Sunday, August 14, 2022

Lesley-Ann Jones's "The Stone Age"

Lesley-Ann Jones is a bestselling biographer and broadcaster. She is the author of The Search for John Lennon; Bohemian Rhapsody: The Definitive Biography of Freddie Mercury; and Hero: David Bowie. A childhood friend of David Bowie, Jones has interviewed many of the world's most-loved artists, including Mick Jagger, Paul McCartney, Madonna, and Prince, often forming lifelong friendships with her subjects. Jones lives in England.

She applied the "Page 99 Test" to her latest book, The Stone Age: Sixty Years of The Rolling Stones, and reported the following:
Page 99 of The Stone Age drops us in on a dilemma of Marianne Faithfull’s. It is April 1965. Mick Jagger’s teenage future beloved is pregnant again. Her fiancĂ©, undergraduate John Dunbar, has returned to the University of Cambridge. Bob Dylan has landed in London. Marianne, who worships him, contrives to get to him and offer sex as a symbol of her adoration. Bob writes a poem for her. She tells him she is pregnant, and he throws her out: possibly fearful that she might be planning to pin the deed on him. She marries Dunbar, they honeymoon in Paris, and she gives birth to their baby Nicholas just before her nineteenth birthday.

Brian Jones, meanwhile, is with Anita Pallenberg. Who lures Marianne under her wing. Bored and trapped by young motherhood, Marianne leaves her baby at home with the nanny and spends more and more time round at Brian’s and Anita’s place. Keith Richards comes too. When Anita is away, Brian and Marianne get together. But he is too spilled out on Mandrax to perform. Marianne then falls for Keith Richards. They will go on to have what she will later describe as ‘the best night’ of Marianne’s life. Then Mick starts finding his way round to Brian’s place too. It doesn’t say so on the page, but over it: we know already that Mick too will soon find his way into Marianne. The only Stone she never had was Charlie. Didn’t make her one of the band, though, did it.

‘How fucked up was all this, how drugged, how detached, how dismally sixties,’ I write.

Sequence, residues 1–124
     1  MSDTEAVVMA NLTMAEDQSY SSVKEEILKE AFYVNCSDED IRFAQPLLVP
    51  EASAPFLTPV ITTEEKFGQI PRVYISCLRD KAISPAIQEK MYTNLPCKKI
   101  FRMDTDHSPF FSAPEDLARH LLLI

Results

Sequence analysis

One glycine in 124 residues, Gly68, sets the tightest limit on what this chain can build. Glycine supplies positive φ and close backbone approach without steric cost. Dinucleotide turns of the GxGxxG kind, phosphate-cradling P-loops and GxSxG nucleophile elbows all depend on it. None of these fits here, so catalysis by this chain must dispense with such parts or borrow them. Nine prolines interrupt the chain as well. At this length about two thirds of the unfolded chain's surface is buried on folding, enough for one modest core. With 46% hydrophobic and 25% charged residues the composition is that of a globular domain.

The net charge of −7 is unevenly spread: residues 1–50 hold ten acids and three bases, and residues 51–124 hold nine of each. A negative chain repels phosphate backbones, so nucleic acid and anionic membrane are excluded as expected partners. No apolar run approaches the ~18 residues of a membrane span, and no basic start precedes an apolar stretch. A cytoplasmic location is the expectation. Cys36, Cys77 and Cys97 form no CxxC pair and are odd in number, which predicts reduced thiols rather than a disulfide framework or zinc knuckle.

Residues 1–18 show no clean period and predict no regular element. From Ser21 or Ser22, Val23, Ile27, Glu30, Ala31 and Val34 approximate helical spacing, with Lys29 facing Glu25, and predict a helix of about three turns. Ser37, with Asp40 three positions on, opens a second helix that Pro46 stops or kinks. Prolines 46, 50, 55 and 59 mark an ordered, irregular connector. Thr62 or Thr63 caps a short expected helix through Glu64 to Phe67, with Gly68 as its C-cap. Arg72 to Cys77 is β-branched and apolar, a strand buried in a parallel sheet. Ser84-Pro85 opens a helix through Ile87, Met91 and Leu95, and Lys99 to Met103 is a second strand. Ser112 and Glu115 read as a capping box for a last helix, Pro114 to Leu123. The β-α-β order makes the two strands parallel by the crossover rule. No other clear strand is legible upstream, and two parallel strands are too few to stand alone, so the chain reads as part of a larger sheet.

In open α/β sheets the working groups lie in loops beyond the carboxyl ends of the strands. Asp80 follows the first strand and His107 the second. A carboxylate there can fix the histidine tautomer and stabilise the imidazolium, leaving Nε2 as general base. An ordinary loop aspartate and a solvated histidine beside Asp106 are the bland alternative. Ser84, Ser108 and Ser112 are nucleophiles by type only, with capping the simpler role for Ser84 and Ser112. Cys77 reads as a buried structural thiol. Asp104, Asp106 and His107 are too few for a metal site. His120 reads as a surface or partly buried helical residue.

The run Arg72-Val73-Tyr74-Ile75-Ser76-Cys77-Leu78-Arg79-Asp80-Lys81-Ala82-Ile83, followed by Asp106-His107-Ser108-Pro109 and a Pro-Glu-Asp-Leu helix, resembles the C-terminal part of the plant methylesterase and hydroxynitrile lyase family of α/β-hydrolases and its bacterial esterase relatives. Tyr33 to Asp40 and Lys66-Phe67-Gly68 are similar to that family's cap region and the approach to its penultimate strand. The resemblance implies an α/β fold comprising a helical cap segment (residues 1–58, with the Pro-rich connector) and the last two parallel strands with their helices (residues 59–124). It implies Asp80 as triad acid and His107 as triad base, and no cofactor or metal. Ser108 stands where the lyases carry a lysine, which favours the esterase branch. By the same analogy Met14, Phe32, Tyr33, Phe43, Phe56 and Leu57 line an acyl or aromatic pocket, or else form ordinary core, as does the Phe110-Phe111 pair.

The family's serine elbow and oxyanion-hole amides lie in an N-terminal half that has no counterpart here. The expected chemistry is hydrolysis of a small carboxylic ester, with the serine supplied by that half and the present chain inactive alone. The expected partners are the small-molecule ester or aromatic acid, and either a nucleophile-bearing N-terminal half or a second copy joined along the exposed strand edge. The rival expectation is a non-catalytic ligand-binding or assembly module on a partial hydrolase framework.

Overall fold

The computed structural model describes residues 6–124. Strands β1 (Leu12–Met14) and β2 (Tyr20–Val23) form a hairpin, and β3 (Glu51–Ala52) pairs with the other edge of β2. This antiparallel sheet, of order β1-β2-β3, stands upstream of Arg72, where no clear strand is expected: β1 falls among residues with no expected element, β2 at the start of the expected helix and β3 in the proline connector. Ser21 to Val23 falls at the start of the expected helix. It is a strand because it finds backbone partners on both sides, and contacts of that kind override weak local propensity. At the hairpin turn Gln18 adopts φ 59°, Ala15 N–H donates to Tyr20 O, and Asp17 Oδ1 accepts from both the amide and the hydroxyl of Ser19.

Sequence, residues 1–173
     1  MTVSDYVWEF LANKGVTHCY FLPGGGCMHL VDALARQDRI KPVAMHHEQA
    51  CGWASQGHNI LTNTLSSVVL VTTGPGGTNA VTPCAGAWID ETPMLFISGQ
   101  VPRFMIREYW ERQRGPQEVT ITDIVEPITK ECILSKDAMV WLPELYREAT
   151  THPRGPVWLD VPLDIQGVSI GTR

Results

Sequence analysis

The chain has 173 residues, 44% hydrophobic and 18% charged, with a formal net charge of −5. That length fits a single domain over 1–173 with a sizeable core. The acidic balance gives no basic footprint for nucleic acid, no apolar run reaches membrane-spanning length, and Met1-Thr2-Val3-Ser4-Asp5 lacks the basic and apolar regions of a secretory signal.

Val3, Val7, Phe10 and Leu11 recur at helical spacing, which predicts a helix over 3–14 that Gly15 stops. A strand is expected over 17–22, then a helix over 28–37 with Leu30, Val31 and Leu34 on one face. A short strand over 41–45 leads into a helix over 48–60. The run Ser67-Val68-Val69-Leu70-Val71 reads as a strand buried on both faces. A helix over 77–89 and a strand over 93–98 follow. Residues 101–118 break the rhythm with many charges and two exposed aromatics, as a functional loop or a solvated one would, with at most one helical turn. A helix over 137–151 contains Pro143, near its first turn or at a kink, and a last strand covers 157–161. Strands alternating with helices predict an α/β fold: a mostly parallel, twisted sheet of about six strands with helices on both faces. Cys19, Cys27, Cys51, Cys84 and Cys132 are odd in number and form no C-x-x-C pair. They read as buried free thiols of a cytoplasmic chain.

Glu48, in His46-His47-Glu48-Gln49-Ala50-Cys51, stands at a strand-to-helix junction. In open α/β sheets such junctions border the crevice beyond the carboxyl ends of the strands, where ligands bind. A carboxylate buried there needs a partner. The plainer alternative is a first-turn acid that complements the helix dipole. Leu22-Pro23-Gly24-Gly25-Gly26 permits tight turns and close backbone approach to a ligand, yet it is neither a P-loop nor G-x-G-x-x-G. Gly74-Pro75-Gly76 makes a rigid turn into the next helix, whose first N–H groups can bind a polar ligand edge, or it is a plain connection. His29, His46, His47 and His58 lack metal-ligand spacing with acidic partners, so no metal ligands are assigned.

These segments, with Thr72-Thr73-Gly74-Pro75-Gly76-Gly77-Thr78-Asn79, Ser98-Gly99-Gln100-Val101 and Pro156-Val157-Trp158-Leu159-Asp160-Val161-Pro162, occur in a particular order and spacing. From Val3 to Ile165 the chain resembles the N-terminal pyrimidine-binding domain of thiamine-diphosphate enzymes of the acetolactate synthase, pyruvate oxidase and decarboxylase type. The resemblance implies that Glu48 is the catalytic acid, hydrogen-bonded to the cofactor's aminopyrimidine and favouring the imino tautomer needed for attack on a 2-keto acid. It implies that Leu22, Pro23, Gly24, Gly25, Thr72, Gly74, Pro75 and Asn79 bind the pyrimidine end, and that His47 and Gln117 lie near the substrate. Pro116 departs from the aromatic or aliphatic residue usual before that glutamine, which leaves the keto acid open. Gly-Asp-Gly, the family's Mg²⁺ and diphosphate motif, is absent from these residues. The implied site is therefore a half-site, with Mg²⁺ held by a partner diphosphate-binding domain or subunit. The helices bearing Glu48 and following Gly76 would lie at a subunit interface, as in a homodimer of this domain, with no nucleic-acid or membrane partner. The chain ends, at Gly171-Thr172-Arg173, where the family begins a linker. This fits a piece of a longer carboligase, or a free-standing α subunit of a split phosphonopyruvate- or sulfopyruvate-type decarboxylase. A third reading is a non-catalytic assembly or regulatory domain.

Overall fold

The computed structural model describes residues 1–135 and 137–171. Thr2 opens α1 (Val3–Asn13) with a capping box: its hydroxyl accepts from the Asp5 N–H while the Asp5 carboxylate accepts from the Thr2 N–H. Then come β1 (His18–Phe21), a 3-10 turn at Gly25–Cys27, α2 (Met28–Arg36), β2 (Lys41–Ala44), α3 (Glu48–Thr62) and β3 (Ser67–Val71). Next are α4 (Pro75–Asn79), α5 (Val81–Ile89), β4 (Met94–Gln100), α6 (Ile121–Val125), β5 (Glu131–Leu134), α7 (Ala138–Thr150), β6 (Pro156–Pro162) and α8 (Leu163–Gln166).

Yes, this page is coolly representative of the content and tone of the whole book. Debauched, decadent, self-serving, careless of the feelings of others, the Stones proceed to wench and wassail their way through the next five decades, using and abusing folk (not ‘just’ women) willy nilly. There are many casualties, some of them fatal.

But: there is a comprehensive musical dimension to the book that is not touched on here on page 99. Otherwise, in a nutshell, here you have it. Ladies and gentlemen, the contradictory, disturbing, granitic and unstoppable Rolling Stones.

The test works.

But the book is no mere dish-fest. I have gone to considerable lengths to see the Rolling Stones in the round; to present them in context at every stage of their existence. What they were, at the beginning, was a bunch of tykes from nowhere who copied musicians they admired, and who got lucky. Success, fame and money honed them into creatures worthy of global adulation. They have kept on keeping on because they are incapable of doing anything else. The Stone Age delivers the scandal and the gossip, all under one roof, as it were. But I also strive to capture the essence of what makes a working rock 'n' roll band tick. I conjure a primal image of the group, ‘captured in mono and preserved for all time, to remind the reader that Ground Zero for any musical fusion is the groove. ‘From such innocence and hope are legends made,’ I write. In the end, when they are dead and the Stones are long buried, we will still have, and we will always have, the music.
Visit Lesley-Ann Jones's website.

--Marshal Zeringue